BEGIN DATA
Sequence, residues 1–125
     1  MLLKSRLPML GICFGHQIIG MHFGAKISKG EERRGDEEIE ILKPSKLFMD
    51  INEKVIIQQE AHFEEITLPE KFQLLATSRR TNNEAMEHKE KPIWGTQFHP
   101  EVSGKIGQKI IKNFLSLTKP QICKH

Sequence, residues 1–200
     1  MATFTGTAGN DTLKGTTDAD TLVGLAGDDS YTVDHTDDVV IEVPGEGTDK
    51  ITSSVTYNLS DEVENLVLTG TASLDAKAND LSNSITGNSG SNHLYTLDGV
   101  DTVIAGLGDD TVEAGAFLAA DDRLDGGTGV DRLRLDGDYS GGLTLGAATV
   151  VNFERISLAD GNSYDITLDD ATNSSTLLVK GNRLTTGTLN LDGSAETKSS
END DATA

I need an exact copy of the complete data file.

Sequence, residues 1–125
     1  MLLKSRLPML GICFGHQIIG MHFGAKISKG EERRGDEEIE ILKPSKLFMD
    51  INEKVIIQQE AHFEEITLPE KFQLLATSRR TNNEAMEHKE KPIWGTQFHP
   101  EVSGKIGQKI IKNFLSLTKP QICKH

Sequence, residues 1–200
     1  MATFTGTAGN DTLKGTTDAD TLVGLAGDDS YTVDHTDDVV IEVPGEGTDK
    51  ITSSVTYNLS DEVENLVLTG TASLDAKAND LSNSITGNSG SNHLYTLDGV
   101  DTVIAGLGDD TVEAGAFLAA DDRLDGGTGV DRLRLDGDYS GGLTLGAATV
   151  VNFERISLAD GNSYDITLDD ATNSSTLLVK GNRLTTGTLN LDGSAETKSS